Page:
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This eBook from the Gutenberg Project consists of approximately 330 pages of information about Across China on Foot.

THE NOU-SU (OR I-PIEN)

There is a class of people around Chao-t’ong who are called Nou-su, a people who, although occupying the Chao-t’ong Plain at the time the Chinese arrived, are believed not to be the aboriginals of the district.  What I actually know about this people is not much.  I have heard a good deal, but it must not be understood that I publish this as absolutely the final word.  People who have lived in the district for many years do not agree, so that for a mere traveler the task of getting infallible data would be quite formidable.

No tribe is more widely known than the Nou-su, with their innumerable tribal distinctions and hereditary peculiarities so perplexing to the inquirer into Far Western China ethnology.

The Nou-su are a very fine, tall race, with comparatively fair complexions, suggesting a mixture of Mongolian with some other straight-featured people.  Of their origin, however, little can be vouched for, and with it we will have nothing to do here.  But at the present time the Nou-su provide a good deal of interest from the fact that their power as tyrannic landlords and feudal chiefs is fast dying, and it may be that in a couple of decades, or a still shorter time, a people who, by obstinate self-reliance and great dislike to the Chinese, have remained unaffected by the absorbing spirit of the arbitrary Chinese, will have passed beyond the vale of personality.  Even now, however, they own and rule enormous tracts of country (notably that part lying on the right bank of the River of Golden Sand) in north-east Yuen-nan.  Some are very wealthy.  One man may own vast tracts bigger than Yorkshire.  In this tract there may be one hundred villages, all paying tribute to him and subject to the vagaries of his vilest despotism.  From his tyranny his struggling tenantry have no redress.  So long as the I-pien (the local name of the Nou-su) greases the palm of the squeezing Chinese mandarin in whose nominal control the district extends, he may run riot as he pleases.  Social law and order are unknown, justice is a complete contradiction in terms, and whilst one is in the midst of it, it is difficult to realize that in China to-day—­the China which all the world believes to be awakening—­there exists a condition of things which will allow a man to torture, to plunder, to murder, and to indulge to the utmost degree the whims of a Neronic and devilish temperament.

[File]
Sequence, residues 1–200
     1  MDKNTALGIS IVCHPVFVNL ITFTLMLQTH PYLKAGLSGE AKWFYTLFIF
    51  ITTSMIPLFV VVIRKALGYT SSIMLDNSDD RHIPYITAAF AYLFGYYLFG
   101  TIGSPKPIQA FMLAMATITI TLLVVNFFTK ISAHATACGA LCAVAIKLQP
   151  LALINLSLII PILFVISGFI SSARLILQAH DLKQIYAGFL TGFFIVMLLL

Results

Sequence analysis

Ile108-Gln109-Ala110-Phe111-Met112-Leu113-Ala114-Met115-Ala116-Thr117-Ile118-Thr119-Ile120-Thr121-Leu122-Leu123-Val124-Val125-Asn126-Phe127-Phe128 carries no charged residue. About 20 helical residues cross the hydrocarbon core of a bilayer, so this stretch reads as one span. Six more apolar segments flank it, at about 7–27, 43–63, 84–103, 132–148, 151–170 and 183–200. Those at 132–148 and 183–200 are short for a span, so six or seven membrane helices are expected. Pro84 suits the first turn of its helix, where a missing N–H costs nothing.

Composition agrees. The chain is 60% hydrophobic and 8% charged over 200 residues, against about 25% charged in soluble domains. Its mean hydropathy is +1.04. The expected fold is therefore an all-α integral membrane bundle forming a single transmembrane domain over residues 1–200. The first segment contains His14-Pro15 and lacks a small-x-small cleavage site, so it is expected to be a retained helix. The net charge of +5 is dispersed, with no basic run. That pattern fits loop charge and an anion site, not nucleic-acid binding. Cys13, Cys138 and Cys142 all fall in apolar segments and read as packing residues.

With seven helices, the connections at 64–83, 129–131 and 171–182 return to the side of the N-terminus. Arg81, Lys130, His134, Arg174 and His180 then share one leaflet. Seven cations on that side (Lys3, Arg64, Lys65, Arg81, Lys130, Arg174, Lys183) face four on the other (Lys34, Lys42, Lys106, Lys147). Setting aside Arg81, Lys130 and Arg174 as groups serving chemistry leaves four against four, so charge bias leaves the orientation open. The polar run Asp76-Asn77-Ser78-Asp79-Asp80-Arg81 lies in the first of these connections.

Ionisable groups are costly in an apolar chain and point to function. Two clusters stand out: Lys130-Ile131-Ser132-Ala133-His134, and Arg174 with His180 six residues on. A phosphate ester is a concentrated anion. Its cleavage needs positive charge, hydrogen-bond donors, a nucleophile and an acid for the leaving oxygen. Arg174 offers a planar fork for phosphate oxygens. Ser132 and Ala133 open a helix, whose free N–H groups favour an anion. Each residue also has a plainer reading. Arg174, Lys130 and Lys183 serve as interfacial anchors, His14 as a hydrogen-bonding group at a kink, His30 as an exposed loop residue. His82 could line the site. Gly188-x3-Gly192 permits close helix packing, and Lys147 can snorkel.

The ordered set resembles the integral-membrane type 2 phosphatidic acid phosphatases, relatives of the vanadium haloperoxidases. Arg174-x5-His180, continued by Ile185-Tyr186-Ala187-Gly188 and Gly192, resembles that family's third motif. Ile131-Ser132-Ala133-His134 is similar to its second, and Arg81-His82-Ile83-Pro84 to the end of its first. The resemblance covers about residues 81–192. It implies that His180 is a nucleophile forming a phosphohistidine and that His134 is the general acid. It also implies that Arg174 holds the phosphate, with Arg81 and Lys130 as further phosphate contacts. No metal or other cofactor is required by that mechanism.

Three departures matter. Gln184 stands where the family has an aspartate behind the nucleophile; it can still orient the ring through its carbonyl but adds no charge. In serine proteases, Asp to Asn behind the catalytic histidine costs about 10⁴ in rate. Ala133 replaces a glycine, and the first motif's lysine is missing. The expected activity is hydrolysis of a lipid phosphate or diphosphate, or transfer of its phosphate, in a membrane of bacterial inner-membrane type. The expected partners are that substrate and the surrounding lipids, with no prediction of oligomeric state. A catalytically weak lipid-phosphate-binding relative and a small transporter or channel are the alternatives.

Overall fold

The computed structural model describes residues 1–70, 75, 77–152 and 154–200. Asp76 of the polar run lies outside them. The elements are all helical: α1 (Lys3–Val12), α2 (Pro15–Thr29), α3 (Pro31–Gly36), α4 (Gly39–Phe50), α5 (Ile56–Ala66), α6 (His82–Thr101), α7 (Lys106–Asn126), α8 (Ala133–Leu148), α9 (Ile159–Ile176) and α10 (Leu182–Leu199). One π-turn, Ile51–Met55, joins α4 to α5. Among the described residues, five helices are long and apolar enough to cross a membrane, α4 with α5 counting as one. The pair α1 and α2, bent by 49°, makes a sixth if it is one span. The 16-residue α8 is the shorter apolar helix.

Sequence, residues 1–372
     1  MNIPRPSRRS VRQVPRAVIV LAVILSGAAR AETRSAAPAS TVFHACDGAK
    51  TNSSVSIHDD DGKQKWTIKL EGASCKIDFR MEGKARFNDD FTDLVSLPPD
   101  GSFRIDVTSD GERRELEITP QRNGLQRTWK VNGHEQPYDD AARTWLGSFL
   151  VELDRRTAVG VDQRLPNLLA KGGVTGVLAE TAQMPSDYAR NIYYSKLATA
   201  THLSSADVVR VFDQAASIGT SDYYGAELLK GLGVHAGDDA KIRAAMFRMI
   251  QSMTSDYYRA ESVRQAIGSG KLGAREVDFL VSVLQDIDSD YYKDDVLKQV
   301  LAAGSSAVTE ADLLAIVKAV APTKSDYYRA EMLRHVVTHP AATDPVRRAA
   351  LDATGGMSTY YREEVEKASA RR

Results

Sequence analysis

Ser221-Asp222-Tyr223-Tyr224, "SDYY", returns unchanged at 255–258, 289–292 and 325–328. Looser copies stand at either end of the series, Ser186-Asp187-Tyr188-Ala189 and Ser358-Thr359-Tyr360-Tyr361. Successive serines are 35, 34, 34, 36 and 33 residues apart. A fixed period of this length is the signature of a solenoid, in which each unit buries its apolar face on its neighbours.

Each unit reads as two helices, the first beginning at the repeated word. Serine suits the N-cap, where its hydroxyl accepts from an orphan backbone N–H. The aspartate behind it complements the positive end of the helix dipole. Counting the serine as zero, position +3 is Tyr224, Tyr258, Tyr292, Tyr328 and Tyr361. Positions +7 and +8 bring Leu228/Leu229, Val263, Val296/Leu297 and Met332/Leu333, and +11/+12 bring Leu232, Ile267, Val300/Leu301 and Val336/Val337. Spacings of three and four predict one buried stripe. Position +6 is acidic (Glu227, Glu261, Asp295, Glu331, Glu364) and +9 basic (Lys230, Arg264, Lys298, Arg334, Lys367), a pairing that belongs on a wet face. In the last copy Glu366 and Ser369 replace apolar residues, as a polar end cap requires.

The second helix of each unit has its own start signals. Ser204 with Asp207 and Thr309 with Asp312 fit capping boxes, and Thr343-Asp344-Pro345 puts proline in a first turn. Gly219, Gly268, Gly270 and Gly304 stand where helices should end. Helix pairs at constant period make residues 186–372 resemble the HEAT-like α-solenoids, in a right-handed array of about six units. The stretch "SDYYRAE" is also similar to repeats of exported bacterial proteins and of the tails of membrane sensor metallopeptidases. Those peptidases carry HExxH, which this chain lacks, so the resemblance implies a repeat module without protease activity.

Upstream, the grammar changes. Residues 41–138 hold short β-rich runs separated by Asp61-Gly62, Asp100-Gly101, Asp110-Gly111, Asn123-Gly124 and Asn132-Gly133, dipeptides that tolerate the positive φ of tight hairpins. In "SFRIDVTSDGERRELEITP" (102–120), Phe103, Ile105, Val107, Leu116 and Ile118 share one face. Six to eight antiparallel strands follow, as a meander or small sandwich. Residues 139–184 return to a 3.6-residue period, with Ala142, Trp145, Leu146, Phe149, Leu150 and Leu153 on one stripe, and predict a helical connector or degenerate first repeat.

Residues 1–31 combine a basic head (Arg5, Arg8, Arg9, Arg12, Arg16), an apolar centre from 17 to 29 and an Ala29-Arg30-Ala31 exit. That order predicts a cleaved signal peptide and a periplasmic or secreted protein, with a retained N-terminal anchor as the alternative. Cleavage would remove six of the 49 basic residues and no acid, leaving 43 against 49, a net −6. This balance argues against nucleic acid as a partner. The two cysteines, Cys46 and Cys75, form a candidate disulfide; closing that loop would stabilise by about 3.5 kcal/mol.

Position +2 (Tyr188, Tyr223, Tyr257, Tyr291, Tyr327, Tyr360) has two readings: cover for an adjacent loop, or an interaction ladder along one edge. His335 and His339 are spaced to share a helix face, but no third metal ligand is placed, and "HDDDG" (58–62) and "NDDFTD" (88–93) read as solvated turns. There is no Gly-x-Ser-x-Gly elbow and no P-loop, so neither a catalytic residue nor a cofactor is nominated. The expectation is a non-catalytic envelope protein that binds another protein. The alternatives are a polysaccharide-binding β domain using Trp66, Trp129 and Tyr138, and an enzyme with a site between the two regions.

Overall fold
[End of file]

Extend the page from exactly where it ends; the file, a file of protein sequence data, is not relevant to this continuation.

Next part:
Slave trading is common.  If a tenant cannot pay his tribute, he sells himself for a few taels and becomes the slave of his former landlord, and if he would save his head treads carefully.

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